BEATRICE – Some residents and landowners in southeast Gage County are imploring county officials to support paving three miles of South 162nd Road near Virginia. The stretch extends south from Nebraska Highway Four, to where paving begins. Steve Knoche, who lives a mile east of the road…said the group cites safety concerns, flat tires, broken windshields, larger truck traffic….and failure to follow through on commitments years ago to pave that section.


"The road requires continual maintenance. When wet conditions are present, the road ruts and deep potholes appear, causing safety concerns. The response from the county is to send out the road grader and grade the white rock back into the ruts and potholes, slowing traffic down to a minimum...and starting a whole new cycle of flat tires and broken windshields."


About a half-dozen residents spoke with the county board of supervisors Wednesday, during the board’s public forum. Knoche said the group was asking that the county consider a bond issue to do the work.  Steve Fulton, who lives in Lincoln….has farm ground in the area of the road.  "For the people that live around Liberty and Barneston, the quickest way to get to business or employment....from Liberty to Lincoln or Beatrice...is this road. Going from the Liberty area to Lincoln, you save fifteen minutes as opposed to going through Wymore and Beatrice, to get to Lincoln. Believe it or not, there's a lot of people in that area that make the daily commute to Beatrice and Lincoln for employement....so shaving fifteen minutes one-way off your time for commute, is kind of a big deal."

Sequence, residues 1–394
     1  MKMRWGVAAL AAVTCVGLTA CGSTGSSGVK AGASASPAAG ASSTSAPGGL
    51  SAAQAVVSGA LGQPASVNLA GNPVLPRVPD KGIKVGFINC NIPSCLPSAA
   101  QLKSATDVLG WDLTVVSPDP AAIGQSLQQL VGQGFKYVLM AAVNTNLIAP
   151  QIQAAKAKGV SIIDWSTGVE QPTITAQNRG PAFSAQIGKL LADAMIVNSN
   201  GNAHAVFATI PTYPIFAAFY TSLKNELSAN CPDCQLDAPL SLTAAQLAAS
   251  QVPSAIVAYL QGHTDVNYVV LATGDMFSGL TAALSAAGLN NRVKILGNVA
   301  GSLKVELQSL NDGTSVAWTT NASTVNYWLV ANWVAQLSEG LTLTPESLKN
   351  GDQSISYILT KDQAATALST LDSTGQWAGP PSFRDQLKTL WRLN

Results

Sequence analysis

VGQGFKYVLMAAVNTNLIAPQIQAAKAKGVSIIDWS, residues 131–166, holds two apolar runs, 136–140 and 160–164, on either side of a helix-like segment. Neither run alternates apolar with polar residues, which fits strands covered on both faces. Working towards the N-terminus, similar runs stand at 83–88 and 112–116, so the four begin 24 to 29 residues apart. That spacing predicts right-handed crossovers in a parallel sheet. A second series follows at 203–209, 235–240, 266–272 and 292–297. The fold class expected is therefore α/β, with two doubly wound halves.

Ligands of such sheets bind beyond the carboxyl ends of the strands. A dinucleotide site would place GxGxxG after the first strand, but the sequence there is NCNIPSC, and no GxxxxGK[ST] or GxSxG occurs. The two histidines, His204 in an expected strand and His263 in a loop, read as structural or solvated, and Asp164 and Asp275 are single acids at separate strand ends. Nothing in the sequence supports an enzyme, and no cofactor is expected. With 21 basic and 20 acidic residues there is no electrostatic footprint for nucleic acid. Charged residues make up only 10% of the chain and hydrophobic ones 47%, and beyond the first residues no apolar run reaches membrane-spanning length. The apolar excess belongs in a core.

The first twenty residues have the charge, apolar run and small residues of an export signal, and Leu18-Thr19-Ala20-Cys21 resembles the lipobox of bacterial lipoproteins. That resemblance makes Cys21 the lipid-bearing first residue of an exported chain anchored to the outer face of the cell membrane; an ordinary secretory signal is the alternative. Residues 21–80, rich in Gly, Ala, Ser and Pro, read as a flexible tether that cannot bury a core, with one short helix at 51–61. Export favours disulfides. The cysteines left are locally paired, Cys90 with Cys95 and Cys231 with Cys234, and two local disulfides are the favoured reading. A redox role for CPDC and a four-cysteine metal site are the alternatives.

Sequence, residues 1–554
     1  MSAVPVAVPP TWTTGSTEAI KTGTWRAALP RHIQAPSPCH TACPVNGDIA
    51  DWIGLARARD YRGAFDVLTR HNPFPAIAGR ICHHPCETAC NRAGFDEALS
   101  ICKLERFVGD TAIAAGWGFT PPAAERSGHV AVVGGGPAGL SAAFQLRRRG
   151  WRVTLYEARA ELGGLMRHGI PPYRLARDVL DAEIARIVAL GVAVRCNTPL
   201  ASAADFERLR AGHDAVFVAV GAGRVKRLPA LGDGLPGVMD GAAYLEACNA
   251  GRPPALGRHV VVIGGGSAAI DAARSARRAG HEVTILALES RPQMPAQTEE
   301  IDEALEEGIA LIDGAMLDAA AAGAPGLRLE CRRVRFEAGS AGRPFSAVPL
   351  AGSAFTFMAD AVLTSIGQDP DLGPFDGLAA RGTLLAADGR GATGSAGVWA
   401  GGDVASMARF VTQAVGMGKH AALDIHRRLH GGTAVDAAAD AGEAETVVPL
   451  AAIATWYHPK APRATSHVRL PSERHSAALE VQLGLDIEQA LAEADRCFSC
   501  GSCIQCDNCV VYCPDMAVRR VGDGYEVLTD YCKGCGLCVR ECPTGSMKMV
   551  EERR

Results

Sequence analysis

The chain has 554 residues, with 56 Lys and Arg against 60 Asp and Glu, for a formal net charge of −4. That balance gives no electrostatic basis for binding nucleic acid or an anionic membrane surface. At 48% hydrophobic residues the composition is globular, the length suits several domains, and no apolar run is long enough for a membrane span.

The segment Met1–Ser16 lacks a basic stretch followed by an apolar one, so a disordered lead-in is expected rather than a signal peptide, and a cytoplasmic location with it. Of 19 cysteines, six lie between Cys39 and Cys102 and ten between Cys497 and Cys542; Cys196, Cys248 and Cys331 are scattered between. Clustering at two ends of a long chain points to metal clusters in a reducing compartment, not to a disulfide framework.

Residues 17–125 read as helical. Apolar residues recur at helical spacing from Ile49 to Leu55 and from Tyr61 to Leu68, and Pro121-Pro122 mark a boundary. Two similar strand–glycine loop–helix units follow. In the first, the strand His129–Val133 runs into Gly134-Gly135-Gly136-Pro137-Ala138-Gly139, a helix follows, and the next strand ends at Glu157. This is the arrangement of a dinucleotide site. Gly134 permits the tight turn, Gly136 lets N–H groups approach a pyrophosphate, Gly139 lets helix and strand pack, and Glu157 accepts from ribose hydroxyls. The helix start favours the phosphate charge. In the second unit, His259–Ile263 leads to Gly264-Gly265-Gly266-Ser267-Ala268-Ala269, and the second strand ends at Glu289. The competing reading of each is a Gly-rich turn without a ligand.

Trevor Husa, who lives near Liberty….spoke to the board on behalf of his father. Although traffic counts aren’t as high as they are on other roads in the county, Husa said it may be that people are avoiding the gravel part of South 162nd because of safety.  "The southeastern end of Gage County has needed a proper all-weather road connecting Liberty area with Highway 136, for as long as I can remember."


Rebecca Snyder, who lives along East Oak Road, said the gravel three miles frequently is in bad condition during wet or snowy weather. She says paving it would create an 18-mile stretch of improved road from Liberty to Beatrice.  "Since it is not....we then have to choose to take 162nd Road south to Plum Road....drive into Wymore, hit 77 and come into Beatrice...which is 28 miles."


County Board member Emily Haxby, who chairs the road and bridge committee… says the Virginia gravel section carries a lower traffic count than many others roads which were surveyed at the same time.  "We also have a lot of mill-overlays where we're reaching 20-plus years on, where if we don't take care of soon...that will cost us more than it will be to repair. The Odell Road has 11.5 miles....the Clatonia DeWitt road is 10 miles, Christ Lutheran Road is six miles.....and that's at an average of $350,000 a mile."


Two board members said the cost for new asphalt paving is at least one million dollars per-mile.


Last year, County Board member Don Schuller initially brought up the idea of doing something with the gravel section near Virginia, largely because of a dust problem along that roadway affecting nearby Virginia.